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Ohana Joe, My New Favorite Tiki Drink

In my post about touring Palm Springs’ tiki bars, I mentioned Jeff Cleveland of Tonga Hut. Jeff recently moved to Palm Springs from Milwaukee, where he was a bartender and active in the craft cocktail community.

Jeff Cleveland
Jeff Cleveland

I first met Jeff when he took my “Tiki: A Story for Bartenders” course at The Bar Institute in Portland last year. He already was a fan of tiki, and was eager to dive deeper into the history. I met him again at The Hukilau earlier this year. I was thrilled to hear he’d made the move to Palm Springs to live his tiki bartending dreams. This is a most perfect pairing of bartender and venue.

Jeff and his wife Kat invited a small group of us to have a cocktail at his place last Sunday night. I’ve long said my favorite tiki drink is the Black Magic at the Mai-Kai. The drink Jeff served me that night—it was even better. It was so new, it didn’t yet have a name. Jeff asked me to help name it, and together we came up with Ohana Joe: a nod to the coffee in the drink, and to the feeling of warm welcome Jeff’s had from the tiki ʻohana, and to the historic Palm Springs tiki bar Aloha Jhoe’s.

Ohana Joe
Ohana Joe

I asked Jeff if he’d be willing to share the recipe with you, and generous soul that he is, he passed it along. A note about these rums: these are rums with distinctive character and flavor. If you try to substitute with other rums, you’ll be making a different drink. Plantation’s distribution is growing, but it may take a little effort to track these down. They’re great rums, and the hunt is worth your time.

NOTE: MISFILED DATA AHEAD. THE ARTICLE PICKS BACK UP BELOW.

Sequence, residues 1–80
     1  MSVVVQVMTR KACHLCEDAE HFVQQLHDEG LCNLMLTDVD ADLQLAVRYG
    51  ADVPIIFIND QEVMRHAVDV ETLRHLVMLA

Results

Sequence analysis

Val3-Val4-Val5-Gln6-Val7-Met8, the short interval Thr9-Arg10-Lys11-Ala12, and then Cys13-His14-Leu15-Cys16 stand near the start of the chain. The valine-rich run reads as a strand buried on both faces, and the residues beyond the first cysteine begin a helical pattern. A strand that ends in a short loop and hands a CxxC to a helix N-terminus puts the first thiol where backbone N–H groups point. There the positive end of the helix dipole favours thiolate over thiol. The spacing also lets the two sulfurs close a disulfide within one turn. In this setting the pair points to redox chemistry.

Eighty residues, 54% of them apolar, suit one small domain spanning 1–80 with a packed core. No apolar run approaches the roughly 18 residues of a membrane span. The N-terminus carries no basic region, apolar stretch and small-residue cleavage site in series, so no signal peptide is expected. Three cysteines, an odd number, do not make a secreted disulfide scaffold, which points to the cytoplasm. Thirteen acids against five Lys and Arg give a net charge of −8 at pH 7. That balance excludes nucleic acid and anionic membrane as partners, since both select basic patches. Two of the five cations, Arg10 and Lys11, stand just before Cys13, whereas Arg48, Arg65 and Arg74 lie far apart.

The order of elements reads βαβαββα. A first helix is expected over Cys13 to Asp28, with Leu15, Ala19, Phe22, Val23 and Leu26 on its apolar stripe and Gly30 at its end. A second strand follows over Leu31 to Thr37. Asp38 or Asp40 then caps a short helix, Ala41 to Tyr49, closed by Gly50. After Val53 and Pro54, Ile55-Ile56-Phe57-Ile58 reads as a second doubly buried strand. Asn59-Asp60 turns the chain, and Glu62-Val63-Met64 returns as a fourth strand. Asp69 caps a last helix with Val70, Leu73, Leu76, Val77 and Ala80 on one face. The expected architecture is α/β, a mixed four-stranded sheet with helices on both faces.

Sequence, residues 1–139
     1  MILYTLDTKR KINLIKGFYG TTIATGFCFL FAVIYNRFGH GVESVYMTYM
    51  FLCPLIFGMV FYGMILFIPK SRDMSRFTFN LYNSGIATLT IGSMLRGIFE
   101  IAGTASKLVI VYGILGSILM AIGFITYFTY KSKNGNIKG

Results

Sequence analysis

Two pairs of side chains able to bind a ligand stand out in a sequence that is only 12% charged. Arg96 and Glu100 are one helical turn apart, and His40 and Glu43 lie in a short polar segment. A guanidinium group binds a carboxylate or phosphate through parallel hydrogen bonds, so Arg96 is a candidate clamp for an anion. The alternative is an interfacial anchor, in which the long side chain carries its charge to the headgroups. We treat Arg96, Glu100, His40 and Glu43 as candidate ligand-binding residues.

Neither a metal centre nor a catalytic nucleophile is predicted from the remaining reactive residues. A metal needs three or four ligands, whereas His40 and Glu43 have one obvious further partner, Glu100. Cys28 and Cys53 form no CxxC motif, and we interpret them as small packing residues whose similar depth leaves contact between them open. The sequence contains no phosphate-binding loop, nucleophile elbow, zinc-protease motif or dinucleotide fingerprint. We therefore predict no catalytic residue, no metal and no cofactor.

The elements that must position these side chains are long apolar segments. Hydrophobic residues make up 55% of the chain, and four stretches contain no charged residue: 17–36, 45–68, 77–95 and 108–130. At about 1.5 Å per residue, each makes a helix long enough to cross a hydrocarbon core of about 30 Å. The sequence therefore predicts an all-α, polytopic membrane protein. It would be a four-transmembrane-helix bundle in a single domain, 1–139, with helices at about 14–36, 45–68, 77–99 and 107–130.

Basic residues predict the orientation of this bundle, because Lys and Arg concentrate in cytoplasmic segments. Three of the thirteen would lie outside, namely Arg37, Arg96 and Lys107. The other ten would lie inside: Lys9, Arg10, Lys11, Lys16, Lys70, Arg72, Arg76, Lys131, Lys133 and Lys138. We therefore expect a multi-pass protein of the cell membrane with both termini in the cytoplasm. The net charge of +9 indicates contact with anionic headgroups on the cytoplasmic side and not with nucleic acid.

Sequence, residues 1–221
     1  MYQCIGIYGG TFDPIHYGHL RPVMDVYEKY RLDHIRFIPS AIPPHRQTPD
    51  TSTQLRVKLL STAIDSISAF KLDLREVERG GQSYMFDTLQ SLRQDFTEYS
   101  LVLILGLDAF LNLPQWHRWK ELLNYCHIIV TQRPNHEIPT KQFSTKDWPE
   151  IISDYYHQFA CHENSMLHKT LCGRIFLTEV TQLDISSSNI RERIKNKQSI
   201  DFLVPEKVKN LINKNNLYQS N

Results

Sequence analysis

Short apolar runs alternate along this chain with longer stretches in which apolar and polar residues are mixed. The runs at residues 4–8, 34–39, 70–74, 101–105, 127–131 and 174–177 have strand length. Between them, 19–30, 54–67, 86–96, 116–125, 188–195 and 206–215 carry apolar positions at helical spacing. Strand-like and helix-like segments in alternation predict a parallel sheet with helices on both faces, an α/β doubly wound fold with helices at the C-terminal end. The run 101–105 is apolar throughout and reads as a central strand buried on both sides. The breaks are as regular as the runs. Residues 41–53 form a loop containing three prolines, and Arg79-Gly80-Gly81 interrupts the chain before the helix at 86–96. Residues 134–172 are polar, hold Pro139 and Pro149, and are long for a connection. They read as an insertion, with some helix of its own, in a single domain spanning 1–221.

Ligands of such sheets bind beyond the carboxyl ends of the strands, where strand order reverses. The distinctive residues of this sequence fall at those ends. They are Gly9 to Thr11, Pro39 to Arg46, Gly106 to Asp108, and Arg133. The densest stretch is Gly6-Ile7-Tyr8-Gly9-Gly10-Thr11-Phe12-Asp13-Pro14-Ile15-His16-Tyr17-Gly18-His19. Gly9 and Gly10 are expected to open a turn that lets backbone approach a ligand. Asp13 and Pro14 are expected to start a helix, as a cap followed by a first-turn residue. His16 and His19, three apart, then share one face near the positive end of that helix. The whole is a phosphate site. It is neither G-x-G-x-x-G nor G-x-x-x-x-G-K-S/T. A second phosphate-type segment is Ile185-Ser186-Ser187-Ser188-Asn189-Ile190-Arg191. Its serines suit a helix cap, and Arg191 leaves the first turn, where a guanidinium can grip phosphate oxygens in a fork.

Ohana Joe

.75 oz. fresh lime juice
.75 oz. pineapple juice (fresh if possible)
.5 oz. Demerara syrup (2:1)
1 oz. Plantation Stiggins’ Fancy Pineapple Rum
1 oz. Plantation O.F.T.D. Rum (or Plantation Original Dark Overproof)
.33 oz. St. George Coffee liqueur

Glassware: Collins or Pilsner glass
Garnish: 3 Coffee beans

Add all ingredients to a Collins glass then add crushed ice to glass until it’s about three-quarters full. Use a lélé or barspoon to swizzle until the sides of the glass are frosted, adding additional crushed ice as necessary. Garnish and serve.

Because Plantation O.F.T.D. rum is so new and isn’t yet readily available, this drink is not on the menu at Tonga Hut (but I suppose you can try asking him for one if you see him working there, you may get lucky). If you have these Plantation rums (and I know many of you do), you can play along in your home tiki bar.

Mahalo nui loa for the drink and for the recipe, Jeff!

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